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A Body Image Resilience Model for First-Year College Women


The purpose of this study was to investigate Choate’s (2005) theoretical model of body image resilience by examining the association among protective factors and body image. First-year college women (N = 301) from two universities in the United States (one in the South and one in the Northeast) completed questionnaires assessing five protective factors. The hypothesized model fit the data well. As predicted, high family support; low levels of perceived sociocultural pressure from family, friends, and media regarding the importance of achieving a thin-and beautiful ideal; rejection of the superwoman ideal; positive physical self-concept; and active coping skills contributed to a woman’s overall wellness, which was associated with a more positive body image. Results can inform prevention for young women at risk for eating disorders and suggest specific counseling interventions to improve body dissatisfaction and initial maladaptive eating practices.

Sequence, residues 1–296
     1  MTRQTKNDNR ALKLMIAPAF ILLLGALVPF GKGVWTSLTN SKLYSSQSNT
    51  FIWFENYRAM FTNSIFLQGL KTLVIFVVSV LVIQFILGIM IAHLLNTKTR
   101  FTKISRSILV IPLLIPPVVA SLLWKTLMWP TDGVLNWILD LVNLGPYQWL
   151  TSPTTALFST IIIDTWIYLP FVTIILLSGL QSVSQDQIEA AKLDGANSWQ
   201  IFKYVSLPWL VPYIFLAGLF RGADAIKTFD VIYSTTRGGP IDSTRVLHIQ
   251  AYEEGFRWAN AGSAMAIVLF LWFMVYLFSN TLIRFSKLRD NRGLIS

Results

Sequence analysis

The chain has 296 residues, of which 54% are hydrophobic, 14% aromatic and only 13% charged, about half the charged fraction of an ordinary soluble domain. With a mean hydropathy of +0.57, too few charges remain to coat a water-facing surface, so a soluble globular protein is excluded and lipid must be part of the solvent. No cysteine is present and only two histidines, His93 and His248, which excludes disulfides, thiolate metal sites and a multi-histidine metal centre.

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Correspondence to Shannon Snapp.

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Snapp, S., Hensley-Choate, L. & Ryu, E. A Body Image Resilience Model for First-Year College Women. Sex Roles 67, 211–221 (2012). https://doi.org/10.1007/s11199-012-0163-1

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  • Body image
  • Protective factors
  • Resilience
  • First-year college women
  • Young women